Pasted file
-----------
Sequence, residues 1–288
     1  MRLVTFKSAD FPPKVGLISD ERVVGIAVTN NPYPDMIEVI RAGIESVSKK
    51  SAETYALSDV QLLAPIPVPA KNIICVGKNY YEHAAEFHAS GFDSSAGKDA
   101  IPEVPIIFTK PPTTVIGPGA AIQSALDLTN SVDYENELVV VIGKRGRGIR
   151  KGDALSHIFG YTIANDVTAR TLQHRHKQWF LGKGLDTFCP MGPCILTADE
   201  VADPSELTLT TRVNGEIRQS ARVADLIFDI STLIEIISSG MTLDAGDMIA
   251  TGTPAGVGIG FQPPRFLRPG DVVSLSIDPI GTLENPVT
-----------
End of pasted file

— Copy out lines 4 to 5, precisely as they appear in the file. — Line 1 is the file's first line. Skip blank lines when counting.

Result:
   101  IPEVPIIFTK PPTTVIGPGA AIQSALDLTN SVDYENELVV VIGKRGRGIR
   151  KGDALSHIFG YTIANDVTAR TLQHRHKQWF LGKGLDTFCP MGPCILTADE